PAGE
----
RSAWEB recently hosted a panel discussion with three of South Africa’s leading mobile companies: Clickatell, SnapScan and WiGroup. Our intrepid founder and managing director, Rob Gilmour, hosted the panel discussion which was attended by a group of 20 executive MBA students from The Wharton University based in Philadelphia, PA.
The panel included Cassie De Villiers, Co- founder of Clickatell; Rupert Sully, Head of New Business Development at SnapScan; and Howard MoodyCliffe, Head of Marketing and International from WiGroup.
Some background on our panel guests:
The landscape of mobile business is changing in South Africa and globally. According to Business Tech’s article there were a reported 20 million smartphone users in South Africa in 2014 and globally 73% of the world owns a mobile phone, whereas only 22% own a smartphone, 11% own a laptop, and 6% a tablet. WiGroup International also note in their article ‘Your business can’t afford to ignore mobile’, that in 2014, 51 million people were accessing the Internet via their phones in South Africa, making mobile phones the primary access point for the World Wide Web in the country.
– Clickatell is the world’s leader in bulk SMS gateways with more than 800 networks and thousands of customers around the world. Through Clickatell’s platform you can send and receive messages (SMS’s) to customers anywhere in the world. Started in South Africa in 2000, their Head Offices are now in California, USA.
– SnapScan is a simple, easy-to-use smartphone payment app that allows for secure, cardless payments through the use of QR codes and URLs. Partnered and backed by Standard Bank, SnapScan is still in its early-stage startup phase and is solely focusing business efforts on the South African market.
– WiGroup International is a platform provider specialising in point-of-sale (POS) integrated mobile transacting. Founded in 2007, the company’s headquarters are in Cape Town, South Africa.
The challenges faced by the mobile landscape in Africa
The panel discussion focused on how the mobile landscape is changing and what it is like to work in this sector within South Africa and Africa. As Rob Gilmour summarised, “The three main challenges of doing business in Africa are currency, culture and communication.”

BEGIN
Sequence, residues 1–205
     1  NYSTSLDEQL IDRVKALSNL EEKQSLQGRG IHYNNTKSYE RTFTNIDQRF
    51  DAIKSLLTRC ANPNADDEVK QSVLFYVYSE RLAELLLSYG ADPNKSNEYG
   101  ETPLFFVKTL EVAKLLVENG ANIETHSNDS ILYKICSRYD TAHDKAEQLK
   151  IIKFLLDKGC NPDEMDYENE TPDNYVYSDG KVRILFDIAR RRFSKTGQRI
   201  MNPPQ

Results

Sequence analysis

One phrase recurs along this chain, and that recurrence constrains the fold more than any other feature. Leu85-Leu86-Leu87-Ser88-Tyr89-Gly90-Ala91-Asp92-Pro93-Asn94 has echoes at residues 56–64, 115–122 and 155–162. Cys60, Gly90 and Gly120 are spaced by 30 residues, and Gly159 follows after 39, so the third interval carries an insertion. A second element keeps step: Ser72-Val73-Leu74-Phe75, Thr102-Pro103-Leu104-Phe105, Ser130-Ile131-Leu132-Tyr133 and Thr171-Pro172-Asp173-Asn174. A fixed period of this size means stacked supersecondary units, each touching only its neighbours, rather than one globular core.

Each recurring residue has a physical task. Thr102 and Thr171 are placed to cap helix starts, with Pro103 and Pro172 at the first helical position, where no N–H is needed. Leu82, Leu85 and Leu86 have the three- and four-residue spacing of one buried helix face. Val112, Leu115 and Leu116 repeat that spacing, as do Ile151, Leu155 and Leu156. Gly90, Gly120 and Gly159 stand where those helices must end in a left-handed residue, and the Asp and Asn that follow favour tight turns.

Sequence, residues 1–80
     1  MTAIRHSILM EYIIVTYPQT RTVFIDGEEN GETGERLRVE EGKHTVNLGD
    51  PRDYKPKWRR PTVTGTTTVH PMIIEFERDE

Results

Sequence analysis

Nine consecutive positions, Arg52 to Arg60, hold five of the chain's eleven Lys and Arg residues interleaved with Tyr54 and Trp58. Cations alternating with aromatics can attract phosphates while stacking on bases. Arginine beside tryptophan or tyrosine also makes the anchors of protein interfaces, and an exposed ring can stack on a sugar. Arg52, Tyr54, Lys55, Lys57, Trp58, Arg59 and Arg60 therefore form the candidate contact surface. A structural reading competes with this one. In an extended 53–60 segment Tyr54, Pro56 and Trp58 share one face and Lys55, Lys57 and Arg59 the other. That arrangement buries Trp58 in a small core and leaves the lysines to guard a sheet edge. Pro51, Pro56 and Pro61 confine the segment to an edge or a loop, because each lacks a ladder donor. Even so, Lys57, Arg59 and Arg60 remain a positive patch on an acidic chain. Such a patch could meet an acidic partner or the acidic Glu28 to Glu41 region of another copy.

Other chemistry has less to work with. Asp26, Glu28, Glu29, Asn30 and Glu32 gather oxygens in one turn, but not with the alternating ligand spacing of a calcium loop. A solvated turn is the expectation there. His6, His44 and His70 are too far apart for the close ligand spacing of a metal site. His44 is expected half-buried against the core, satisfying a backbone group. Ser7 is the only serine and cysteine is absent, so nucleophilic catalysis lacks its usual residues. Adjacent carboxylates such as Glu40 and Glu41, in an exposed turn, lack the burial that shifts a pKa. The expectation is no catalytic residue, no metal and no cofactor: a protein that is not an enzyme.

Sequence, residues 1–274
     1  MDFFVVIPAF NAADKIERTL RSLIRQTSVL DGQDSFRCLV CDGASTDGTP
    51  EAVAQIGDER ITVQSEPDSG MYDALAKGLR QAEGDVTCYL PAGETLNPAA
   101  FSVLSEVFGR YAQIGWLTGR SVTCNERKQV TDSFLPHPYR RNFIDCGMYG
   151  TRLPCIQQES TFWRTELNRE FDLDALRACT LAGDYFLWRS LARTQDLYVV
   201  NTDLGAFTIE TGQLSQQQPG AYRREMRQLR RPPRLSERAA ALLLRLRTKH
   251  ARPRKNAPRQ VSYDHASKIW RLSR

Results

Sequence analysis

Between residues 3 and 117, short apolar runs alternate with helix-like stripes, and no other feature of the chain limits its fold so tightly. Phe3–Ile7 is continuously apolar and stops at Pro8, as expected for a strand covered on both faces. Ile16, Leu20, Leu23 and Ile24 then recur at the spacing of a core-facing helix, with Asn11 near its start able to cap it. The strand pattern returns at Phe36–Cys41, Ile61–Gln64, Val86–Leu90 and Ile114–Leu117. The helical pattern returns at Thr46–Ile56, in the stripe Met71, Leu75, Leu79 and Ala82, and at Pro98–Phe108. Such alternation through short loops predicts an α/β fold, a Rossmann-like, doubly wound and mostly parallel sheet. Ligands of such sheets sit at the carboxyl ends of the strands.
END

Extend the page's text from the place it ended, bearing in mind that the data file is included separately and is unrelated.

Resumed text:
As we all know, culture is both a hurdle and potentially a differentiating factor for many businesses. There was general consensus within the panel of experts that companies find cross-border challenges to be even more difficult to overcome than cultural challenges. However, the overarching feeling from the day was that the culture in South Africa lends itself to the establishment of thriving tech startups due to the availability of great local skills and talent, a receptive market, and, most importantly, the increased use of mobile phones, both smartphones and feature phones.
Trends within the industry
It was agreed amongst the panelists that the trend within the ecosystem of tech startups is a self-fulfilling prophecy: the wealthy (individuals with startup capital; self-funded or other) create products or services that service the wealthy. However everyone felt that the real opportunity lies in the untapped market: the millions of users in the lower segments of the market.
Consumers demanding more
In summary all of the panelists agreed that consumers are demanding more from their phones everyday: from being to be able to search for the closest restaurant or taxi on their phones, to being able to make a payment without needing a credit card or to claim a discount on their mobile phone. Our phones are taking the guess-work out of everyday life and no company can ignore the growing impact that the mobile culture has and is going to have on them. Coupled with the rapid growth of smartphone technology, and the decrease in mobile pricing, Africa is now the prime market for companies looking to make the most of the power of mobile in business.
For more info on RSAWEB’s mobile offering, click here.
Here is another article we wrote on mobile connectivity for business.